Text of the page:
workforce present opportunities in the education and skills upgrading of people who


                                   PO Box 1345                                          42
                               BYRON BAY NSW 2481
                      Ph: (02) 6687 2366 Fax: (02) 6687 2390
                           E-mail: philcur@ozemail.com.au
                               Phillips Curran Pty Ltd




may already have an initial qualification. This opportunity exists both in Australia and
internationally.
In order to make the most of this opportunity, the higher education sector will need to
develop new learning pathways for adults that allow for older, employed people to
move in and out of higher education with due recognition of their previous
achievements and qualifications, and appropriate certification for their studies. The
modes of teaching will also need to become more flexible, allowing for delivery when
and where the student requires, not when and where the university wants. Many of
these same sorts of changes are needed also for the traditional undergraduate school-
leaver market.
Collaboration with vocational education and training providers, with appropriate
partners off-shore, and with major enterprises will be critical in effectively addressing
the international „life-long learning‟ market.
The recent Commonwealth Government decision to extend HECS-style loans to
postgraduate coursework students will help to address an important up-front cost
barrier which may have been constraining demand in Australia. Possible future de-
regulation of undergraduate fees and further extension of favourable loans to
undergraduate fee paying students would also open up the local life-long learning
market.

3 Growth in research and innovation and integration with the State’s industry
strategy
South Australia has demonstrated strength in research and innovation. It has a
platform of research infrastructure and a track record of research commercialisation
that position it to make further advances. There are changes in public policy and
investment strategies at both the Commonwealth and State level that can facilitate
this, as can improved relationships between universities and business.
For South Australia the opportunity lies in integrating the research and innovative
capacity of the higher education sector as effectively as possible into the industry
development strategy of the State. The success of the wine industry stands as an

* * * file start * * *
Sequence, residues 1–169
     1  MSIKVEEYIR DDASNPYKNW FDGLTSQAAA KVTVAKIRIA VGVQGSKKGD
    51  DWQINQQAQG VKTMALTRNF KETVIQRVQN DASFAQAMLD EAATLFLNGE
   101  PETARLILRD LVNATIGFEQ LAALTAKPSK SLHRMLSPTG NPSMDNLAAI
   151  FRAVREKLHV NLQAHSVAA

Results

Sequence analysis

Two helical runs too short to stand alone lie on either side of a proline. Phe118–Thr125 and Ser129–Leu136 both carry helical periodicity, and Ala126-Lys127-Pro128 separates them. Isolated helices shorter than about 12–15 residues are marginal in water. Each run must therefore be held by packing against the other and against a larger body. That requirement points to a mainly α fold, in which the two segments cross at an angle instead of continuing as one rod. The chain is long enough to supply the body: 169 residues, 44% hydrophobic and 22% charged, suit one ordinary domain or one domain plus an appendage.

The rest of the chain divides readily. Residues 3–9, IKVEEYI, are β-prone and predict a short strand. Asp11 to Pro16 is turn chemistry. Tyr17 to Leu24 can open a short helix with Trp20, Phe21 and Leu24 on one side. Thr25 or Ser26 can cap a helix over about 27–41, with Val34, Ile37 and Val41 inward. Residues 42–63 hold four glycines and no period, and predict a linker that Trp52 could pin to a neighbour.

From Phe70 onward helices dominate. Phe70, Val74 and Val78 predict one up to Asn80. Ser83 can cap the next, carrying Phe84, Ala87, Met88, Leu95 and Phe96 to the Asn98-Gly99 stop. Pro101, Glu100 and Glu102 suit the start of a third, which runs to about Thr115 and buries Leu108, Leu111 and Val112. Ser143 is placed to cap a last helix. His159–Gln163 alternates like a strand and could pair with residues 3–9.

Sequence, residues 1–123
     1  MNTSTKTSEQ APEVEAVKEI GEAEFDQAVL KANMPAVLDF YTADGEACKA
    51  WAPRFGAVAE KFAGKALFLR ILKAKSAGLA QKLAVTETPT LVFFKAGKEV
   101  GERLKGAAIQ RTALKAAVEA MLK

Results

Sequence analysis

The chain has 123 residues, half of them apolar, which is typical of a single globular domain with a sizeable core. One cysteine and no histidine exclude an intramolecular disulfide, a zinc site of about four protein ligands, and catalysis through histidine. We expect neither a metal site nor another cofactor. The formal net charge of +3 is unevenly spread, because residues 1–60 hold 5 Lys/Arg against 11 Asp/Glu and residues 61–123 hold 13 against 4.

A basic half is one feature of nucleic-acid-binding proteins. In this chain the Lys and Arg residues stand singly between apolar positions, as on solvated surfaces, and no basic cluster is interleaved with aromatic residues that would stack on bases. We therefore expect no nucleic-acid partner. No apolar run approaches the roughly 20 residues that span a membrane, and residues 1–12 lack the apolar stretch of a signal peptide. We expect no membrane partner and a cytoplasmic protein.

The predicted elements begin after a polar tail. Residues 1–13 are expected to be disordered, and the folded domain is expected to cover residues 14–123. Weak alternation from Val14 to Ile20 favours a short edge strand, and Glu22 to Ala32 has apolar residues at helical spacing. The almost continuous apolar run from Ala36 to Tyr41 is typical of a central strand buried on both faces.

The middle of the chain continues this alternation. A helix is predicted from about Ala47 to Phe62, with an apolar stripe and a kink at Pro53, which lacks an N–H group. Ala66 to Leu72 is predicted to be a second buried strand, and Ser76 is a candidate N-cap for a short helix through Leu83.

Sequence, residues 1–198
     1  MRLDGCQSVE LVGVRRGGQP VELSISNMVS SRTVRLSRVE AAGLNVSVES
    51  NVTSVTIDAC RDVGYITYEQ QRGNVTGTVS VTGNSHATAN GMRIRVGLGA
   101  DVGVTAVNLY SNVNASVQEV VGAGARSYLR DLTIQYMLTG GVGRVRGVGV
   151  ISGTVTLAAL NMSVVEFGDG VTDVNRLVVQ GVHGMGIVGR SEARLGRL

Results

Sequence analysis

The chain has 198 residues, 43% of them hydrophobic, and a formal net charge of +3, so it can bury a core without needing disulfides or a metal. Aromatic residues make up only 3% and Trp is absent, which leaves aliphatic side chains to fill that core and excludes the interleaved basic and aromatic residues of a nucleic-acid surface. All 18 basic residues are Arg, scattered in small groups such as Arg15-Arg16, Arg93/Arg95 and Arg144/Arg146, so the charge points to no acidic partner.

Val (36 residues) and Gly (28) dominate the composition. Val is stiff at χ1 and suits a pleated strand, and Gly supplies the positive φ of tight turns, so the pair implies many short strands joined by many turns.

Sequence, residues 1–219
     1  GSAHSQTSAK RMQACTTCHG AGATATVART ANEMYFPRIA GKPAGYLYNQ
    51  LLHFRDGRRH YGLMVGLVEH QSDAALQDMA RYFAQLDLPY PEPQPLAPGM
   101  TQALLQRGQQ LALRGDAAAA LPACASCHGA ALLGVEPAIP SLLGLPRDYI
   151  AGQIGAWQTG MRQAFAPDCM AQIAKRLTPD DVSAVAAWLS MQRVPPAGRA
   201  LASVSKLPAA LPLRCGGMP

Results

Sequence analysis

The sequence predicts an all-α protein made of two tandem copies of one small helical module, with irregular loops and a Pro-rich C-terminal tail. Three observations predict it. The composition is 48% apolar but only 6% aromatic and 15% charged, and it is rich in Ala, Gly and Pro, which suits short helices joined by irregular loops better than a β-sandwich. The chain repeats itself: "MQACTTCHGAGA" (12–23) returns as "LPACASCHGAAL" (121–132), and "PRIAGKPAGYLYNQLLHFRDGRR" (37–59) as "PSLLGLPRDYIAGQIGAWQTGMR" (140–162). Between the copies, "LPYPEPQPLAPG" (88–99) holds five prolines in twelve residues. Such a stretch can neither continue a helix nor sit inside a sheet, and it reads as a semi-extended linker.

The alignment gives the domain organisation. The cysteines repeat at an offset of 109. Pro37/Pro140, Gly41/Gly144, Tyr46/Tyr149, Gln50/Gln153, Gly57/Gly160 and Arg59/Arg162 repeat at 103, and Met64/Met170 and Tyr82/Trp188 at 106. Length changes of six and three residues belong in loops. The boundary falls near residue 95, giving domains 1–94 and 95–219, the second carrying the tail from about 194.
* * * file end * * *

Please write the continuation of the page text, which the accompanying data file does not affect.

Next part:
example of the potential for research and innovation to contribute to market
advantage. There are emerging opportunities in other sectors including biotechnology
especially medical biotechnology, aspects of sustainable food and water, applications
of signal processing, defence industries, and possibly nanotechnology.


2.5.2 Threats


1 Competition in international and national markets
South Australian universities confront stiff and growing competition in all segments
of both international and domestic student markets. Larger, higher status providers


                                   PO Box 1345                                         43
                               BYRON BAY NSW 2481
                      Ph: (02) 6687 2366 Fax: (02) 6687 2390
                           E-mail: philcur@ozemail.com.au
                                     Phillips Curran Pty Ltd




within Australia and from other countries have stronger brands and are able to operate
with greater economies of scale. All three universities are losing share of Australian
student numbers and of on-shore fee-paying overseas students (albeit in a strongly
growing market). UniSA has recently generated rapid growth off-shore, but the
economic returns from off-shore students are lower. Both Adelaide and Flinders have
small numbers of off-shore enrolments (3 and 197 respectively in 19996). Arguably,
neither is as well-positioned to expand in this segment of the market as institutions
with larger existing off-shore activities and with more comprehensive distance
education portfolios.
The universities face competitive disadvantages in relation to:
     cost of remaining competitive, especially to the extent that they must sustain
      competitive campus-based education while developing new forms of delivery;
     small scale and limited brand recognition; and
     geographic location.

2 Demography
The largest single component of university revenue is generated by enrolment of
Australian students. Operating grants are also the most flexible major form of income.
These grants effectively sustain the basic infrastructure of the universities, provide
much of the resources for innovation in educational programs and delivery, and
enable the universities to employ staff on a permanent basis rather than on short term
contracts associated with limited life project funding from other sources. Loss of
student numbers and hence operating grants is therefore a fundamental threat to the
functioning of the universities as a whole, impacting as on their research as well as
their teaching activities.
This is one potential risk of the reduction in the 15 to 24 year old age group in the
State over the next twenty years. As noted previously, even if the number of funded
student places in the State is not reduced, it is conceivable that: